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Chapter 3 Psychology Vocab


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A complex molecule containing the genetic information that makes up the chromosomes. Has 2 strands, forming a double helix held together by bonds between pairs of nucleotides.
The biochemical units of heredity that make up the chromosomes; a segment of DNA capable of synthesizing a protein.
Natural Selection
The principle that among the range of inherited trait variations, those that lead to increased reproduction and survival will most likely be passed on to succeeding generations.
In psychology, the characteristics whether biologically or socially influenced, by which people define male and female.
Behavior Genetics
The study of relative power and limits of genetic and environmental influences on behavior.
Every non genetic influence from prenatal nutrition to the people and things around us.
Identical Twins
Twins who develop from a single fertilized egg that splits in two, creating two genetically identical organisms.
Fraternal Twins
Twins who develop from seperate eggs. They are genetically no closer than brother and sister but they share a fetal environment.
A person's characteristic emotional reactivity and intensity.
The proportion of variation among individuals that we can attribute to genes. The heritability of a trait may vary, depending on the range of populations and environment studied.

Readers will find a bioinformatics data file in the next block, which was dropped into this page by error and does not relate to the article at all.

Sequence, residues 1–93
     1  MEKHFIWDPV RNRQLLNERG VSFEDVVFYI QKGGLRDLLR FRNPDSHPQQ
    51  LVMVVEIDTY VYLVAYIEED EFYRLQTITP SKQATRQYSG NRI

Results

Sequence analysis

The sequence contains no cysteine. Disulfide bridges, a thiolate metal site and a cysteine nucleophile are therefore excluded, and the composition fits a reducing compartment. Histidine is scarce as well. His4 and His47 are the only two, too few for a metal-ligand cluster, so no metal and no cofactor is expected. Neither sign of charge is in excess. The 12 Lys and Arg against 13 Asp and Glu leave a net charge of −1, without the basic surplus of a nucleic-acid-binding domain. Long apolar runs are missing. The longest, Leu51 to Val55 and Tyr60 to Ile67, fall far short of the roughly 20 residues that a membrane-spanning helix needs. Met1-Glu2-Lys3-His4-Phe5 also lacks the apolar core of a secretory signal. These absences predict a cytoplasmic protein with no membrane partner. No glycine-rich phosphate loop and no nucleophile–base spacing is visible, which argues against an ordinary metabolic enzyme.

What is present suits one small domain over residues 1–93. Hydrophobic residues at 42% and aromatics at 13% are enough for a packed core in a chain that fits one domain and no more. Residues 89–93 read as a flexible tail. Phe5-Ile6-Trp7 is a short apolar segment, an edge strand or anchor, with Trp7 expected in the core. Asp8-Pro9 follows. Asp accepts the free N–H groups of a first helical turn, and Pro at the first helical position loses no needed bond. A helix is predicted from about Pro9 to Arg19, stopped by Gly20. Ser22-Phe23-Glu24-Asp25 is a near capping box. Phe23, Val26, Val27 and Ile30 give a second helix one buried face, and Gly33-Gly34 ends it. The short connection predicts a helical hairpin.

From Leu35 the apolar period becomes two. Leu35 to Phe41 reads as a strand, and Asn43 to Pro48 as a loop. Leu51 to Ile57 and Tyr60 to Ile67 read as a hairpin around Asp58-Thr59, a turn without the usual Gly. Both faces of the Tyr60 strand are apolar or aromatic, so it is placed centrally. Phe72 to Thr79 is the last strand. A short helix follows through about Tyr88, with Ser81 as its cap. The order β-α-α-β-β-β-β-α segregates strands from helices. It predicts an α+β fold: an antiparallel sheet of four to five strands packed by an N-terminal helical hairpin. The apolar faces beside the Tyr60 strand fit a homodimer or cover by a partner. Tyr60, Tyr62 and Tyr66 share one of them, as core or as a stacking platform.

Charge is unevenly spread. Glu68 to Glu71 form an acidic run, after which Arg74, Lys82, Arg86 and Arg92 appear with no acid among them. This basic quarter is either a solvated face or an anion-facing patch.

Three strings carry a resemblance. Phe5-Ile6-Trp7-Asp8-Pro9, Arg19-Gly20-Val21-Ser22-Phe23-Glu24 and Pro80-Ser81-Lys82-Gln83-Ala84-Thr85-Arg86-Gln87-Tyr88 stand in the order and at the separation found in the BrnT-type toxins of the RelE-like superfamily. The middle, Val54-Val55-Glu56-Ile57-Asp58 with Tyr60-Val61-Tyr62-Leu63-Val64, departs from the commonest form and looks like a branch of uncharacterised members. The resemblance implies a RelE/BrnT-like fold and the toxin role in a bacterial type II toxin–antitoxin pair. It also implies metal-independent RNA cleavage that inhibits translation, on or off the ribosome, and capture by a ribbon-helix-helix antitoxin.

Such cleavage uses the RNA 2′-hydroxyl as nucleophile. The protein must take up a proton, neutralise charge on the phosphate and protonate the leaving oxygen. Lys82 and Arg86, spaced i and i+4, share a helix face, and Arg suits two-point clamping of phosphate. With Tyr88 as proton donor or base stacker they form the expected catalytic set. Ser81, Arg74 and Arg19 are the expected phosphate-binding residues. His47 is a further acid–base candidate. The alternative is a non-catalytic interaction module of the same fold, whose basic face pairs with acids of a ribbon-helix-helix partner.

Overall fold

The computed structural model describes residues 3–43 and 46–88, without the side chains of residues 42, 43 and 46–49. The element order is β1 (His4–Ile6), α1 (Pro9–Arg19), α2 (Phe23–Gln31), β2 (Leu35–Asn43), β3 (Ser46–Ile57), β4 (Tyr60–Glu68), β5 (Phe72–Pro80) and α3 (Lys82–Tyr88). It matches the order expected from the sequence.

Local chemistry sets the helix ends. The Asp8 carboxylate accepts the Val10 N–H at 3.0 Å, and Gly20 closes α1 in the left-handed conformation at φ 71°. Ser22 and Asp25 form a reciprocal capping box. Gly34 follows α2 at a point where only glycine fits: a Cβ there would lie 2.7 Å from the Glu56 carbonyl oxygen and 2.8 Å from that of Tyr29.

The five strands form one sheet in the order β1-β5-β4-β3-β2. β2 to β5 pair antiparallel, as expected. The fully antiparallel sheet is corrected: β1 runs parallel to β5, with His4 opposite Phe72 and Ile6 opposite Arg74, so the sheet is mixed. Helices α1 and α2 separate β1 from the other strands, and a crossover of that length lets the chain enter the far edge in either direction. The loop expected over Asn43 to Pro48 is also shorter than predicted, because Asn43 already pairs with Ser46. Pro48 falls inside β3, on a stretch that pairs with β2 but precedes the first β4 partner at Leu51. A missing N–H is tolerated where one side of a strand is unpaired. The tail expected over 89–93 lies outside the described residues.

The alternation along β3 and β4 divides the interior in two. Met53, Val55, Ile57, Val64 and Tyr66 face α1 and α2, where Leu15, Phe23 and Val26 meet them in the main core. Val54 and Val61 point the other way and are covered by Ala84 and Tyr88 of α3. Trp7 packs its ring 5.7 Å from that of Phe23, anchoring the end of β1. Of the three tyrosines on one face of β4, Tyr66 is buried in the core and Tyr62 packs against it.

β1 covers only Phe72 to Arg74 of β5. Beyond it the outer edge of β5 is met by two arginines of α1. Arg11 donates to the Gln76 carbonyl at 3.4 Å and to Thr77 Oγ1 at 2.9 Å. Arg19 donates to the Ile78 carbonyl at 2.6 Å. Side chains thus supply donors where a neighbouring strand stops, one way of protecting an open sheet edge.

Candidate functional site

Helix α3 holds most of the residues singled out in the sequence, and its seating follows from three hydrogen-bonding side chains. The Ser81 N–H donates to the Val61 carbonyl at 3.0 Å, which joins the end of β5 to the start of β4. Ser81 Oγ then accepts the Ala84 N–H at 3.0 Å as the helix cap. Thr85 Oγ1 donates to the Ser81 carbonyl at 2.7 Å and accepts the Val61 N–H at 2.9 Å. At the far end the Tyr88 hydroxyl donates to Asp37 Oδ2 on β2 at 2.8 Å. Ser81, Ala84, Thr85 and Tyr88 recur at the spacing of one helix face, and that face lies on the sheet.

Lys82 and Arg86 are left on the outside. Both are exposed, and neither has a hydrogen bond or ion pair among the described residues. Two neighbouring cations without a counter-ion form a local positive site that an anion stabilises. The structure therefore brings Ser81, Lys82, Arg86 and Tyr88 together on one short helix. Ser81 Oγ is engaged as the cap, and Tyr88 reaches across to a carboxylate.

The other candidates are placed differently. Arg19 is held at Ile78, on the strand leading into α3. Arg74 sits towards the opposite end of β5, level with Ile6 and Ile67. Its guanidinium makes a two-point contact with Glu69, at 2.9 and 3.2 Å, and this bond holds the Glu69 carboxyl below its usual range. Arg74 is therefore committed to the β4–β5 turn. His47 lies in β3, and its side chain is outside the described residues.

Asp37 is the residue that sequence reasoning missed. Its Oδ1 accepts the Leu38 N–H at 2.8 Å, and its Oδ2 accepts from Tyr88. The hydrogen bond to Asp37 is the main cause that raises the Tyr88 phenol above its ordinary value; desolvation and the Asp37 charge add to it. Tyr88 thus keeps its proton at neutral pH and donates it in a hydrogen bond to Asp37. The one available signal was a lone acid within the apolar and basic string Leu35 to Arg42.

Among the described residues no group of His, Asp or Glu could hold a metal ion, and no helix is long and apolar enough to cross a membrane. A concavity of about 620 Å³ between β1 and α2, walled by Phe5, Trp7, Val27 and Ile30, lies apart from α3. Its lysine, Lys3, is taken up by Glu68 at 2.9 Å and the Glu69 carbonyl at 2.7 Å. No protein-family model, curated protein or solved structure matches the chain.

The dependence of the effect of one factor (such as environment) on another factor (such as heredity).
Molecular Genetics
The subfield of biology that studies the molecular structure and function of genes.
An understood rule for accepted and expected behavior. They prescribe "proper" behavior.
Personal Space
The buffer zone we like to maintain around our bodies
Self-replicating ideas, fashions, and innovations passed form person to person.
X Chromosome
The sex chromosome found in both men and women. Females have two, and males have one. An x chromosome from each parent produces a female child.
Y Chromosome
The sex chromosome found only in males. When paired with an x chromosome from the mother, it produces a male.
The most important of the male sex hormones. Males and females have it but the additional testosterone in males stimulates the growth of the male sex organs in the fetus and the development of the male sex characteristics during puberty.
A set of expectations about a social position, defining how those in the position ought to behave.
Gender role
A set of expected behaviors for males and females.
Gender Identity
One's sense of being male or female.
Gender Typing
The acquisition of a traditional masculine or feminine role.
Social-learning Theory
The theory that we learn social behavior by observing and imitating and by being rewarded or punished.
Gender Schema Theory
The theory that children learn from their cultures a concept of what it means to be male or female and that they adjust their behavior accordingly.
Giving priority to one's own goals over group goals and defining one's identity in terms of personal attributes rather than group identifications.
Giving priority to the goals of one's group (often one's extended family or work group) and defining one's identity.

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